Agrium now buys gas from Unocal Corp. for $1.60 per thousand cubic feet under a contract that expires in 2009. However, Enstar Natural Gas Co., the Southcentral gas utility, is now buying gas from Cook Inlet producers for $2.70 per thousand cubic feeet.
"If we had to pay that we couldn’t afford it," said Nugent. "Gas is our biggest cost. It’s our largest raw material requirement," he said.
The plant requires about 53 billion cubic feet of gas per year and is the third-largest user of gas in Southcentral Alaska.
The liquefied natural gas plant next door to Agrium’s plant in Nikiski uses about 80 million cubic feet per year, and the gas and electric utilities in Southcentral use about 60 million cubic feet per year.
Agrium’s contract price for gas was negotiated with Unocal when the company acquired the ammonia and fertilizer plant from Unocal in 1999, Nugent said.
After 2009 the price will be renegotiated, Nugent said.
If Agrium contracts for gas from other producers, or for additional supplies from Unocal even before 2009, the price may also be higher, Nugent said.
The liquefied natural gas plant is in a different position because its owners, ConocoPhillips Alaska Inc. and Marathon Oil Co., are also gas producers. Gas for the LNG plant comes from the North Kenai gas field owned by ConocoPhillips.
Agrium is in a dilemma, however, because the company recognizes there is a potential shortage of gas in Southcentral Alaska. There are only seven to nine years of gas left for all users in Southcentral unless additional discoveries are made, Nugent said.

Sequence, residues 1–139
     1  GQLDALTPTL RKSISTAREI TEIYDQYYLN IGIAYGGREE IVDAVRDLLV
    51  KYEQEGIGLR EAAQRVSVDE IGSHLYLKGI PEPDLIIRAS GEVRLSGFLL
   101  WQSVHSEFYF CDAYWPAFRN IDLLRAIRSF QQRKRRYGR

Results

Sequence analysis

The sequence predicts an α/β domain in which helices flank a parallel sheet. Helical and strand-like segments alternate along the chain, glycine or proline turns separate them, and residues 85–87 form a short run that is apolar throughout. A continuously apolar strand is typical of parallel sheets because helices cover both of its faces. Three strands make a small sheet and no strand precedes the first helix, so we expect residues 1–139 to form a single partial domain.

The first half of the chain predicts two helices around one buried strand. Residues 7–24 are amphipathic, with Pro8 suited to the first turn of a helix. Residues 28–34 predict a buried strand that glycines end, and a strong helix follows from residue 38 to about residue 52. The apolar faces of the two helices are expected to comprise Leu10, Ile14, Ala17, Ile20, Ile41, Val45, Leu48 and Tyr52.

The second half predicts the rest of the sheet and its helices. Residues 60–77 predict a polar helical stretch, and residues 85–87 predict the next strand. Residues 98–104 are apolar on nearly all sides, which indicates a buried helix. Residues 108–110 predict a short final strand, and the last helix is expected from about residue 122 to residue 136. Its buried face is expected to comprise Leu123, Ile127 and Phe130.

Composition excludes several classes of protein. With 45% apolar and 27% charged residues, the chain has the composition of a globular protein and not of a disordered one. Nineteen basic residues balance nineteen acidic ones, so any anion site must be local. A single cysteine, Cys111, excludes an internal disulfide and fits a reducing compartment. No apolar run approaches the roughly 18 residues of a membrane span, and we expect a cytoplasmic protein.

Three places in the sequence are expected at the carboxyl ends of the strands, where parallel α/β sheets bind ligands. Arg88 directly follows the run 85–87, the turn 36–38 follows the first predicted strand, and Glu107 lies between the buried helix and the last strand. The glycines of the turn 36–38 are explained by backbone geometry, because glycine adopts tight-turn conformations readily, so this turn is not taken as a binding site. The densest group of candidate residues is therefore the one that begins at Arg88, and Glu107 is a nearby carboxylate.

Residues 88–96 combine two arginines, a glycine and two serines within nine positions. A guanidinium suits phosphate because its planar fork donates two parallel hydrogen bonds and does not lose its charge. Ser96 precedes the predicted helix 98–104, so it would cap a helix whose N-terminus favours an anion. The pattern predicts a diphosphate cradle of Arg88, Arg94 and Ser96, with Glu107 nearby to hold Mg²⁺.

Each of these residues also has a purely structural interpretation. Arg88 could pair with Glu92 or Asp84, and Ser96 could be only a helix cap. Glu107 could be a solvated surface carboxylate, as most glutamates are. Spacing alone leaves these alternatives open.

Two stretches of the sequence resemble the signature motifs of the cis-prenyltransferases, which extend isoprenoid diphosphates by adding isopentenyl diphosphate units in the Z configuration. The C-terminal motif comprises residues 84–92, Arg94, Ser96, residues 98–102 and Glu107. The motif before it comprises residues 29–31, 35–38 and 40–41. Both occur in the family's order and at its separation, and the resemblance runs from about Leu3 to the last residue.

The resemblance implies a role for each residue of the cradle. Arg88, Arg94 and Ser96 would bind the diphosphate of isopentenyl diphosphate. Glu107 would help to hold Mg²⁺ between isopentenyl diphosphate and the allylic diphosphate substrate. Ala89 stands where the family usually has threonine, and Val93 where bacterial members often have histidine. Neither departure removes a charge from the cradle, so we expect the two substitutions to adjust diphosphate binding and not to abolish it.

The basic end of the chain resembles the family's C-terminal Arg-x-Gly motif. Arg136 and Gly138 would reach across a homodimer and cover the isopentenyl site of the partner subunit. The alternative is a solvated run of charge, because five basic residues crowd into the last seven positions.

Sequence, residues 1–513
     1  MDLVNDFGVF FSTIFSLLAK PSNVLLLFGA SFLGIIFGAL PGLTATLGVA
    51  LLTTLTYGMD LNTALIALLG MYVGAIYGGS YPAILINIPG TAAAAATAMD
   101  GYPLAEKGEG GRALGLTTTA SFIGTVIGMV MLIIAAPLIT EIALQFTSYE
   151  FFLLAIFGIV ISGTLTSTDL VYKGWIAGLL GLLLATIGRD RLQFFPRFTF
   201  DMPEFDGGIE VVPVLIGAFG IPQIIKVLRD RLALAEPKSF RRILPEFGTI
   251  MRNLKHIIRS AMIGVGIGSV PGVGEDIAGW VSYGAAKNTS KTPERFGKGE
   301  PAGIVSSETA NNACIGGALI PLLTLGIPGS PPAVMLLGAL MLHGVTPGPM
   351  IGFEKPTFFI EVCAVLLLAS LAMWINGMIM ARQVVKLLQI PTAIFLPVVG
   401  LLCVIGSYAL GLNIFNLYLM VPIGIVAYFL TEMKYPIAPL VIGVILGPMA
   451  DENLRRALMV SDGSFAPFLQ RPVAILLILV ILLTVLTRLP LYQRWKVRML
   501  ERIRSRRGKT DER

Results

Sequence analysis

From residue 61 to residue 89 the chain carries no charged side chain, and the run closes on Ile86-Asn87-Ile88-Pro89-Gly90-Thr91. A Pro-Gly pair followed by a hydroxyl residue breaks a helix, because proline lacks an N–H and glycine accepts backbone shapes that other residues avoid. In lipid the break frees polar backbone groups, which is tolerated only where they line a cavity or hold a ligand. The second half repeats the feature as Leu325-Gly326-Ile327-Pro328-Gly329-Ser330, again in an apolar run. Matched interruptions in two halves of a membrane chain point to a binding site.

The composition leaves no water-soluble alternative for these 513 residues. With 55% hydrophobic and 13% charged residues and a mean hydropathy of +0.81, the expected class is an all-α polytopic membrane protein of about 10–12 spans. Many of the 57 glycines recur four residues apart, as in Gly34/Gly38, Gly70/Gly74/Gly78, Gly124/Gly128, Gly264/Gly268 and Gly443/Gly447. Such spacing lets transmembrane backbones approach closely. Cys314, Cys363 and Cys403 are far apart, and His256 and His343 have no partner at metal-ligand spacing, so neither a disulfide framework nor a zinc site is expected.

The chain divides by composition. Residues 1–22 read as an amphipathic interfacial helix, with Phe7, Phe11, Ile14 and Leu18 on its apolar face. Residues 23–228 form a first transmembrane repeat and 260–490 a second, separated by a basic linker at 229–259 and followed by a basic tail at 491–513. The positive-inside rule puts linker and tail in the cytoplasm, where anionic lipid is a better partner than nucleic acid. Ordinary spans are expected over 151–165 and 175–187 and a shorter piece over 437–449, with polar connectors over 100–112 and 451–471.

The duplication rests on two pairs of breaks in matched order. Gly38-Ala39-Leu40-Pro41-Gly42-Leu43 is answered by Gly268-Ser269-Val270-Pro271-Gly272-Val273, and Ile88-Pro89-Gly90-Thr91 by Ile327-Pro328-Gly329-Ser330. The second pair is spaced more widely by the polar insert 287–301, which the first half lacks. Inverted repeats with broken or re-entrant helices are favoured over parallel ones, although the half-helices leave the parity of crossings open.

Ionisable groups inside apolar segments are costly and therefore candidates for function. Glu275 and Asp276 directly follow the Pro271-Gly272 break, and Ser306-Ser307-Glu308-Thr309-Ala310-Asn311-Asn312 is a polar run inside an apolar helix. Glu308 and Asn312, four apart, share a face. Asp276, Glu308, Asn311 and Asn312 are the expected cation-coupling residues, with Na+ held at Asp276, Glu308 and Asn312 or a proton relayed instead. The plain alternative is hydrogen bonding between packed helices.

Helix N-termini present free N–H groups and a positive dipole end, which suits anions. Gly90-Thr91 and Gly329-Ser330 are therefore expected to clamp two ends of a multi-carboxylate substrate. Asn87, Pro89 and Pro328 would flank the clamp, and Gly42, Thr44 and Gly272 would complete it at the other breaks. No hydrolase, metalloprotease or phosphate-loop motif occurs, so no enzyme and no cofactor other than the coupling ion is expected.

To encourage the exploration needed to find more gas, higher prices will have to be paid, which Agrium may not be able to afford.
Approval of the Enstar price by the Regulatory Commission of Alaska, under which Enstar can buy gas for $2.70 per Mcf, has already stimulated new exploration for gas on the Kenai Peninsula, according to Mark Myers, director of the state Division of Oil and Gas.
Gas discoveries have already been made, he said.
Marathon and Unocal have found new gas reserves near Ninilchik and plan to begin construction of a pipeline next spring.
Nugent strongly supports new exploration in Cook Inlet and the Kenai Peninsula. "We’re really optimistic that new supplies will be found. A number of people are now interested in new exploration and development," he said.
But he hopes the producers of newly discovered gas will set a reasonable price for Agrium. "This plant cannot tolerate gas that is too expensive," he said.
The problem is shared with the producers, he pointed out, because if the price for new gas is too high and the plant closes, a large customer for gas will also disappear.
That will cause the gas surplus to appear again, bringing prices down. Meanwhile, the ammonia and fertilizer plant will be shut down and its jobs gone.
Unocal built the ammonia and urea fertilizer plant in 1968 because there were large gas discoveries on the Kenai Peninsula, but no market, Nugent said. Making fertilizer for export with "stranded" gas was a viable proposition. Unocal expanded the plant in 1977.
In 2001 the plant manufactured 1.4 million tons of ammonia and urea fertilizer. The Nikiski plant is the largest nitrogen fertilizer plant Agrium operates.
It represents 23 percent of the company’s fertilizer-making ca-pacity and 6 percent of total North American fertilizer-making capacity, according to Lisa Parker, Agrium’s public affairs manager.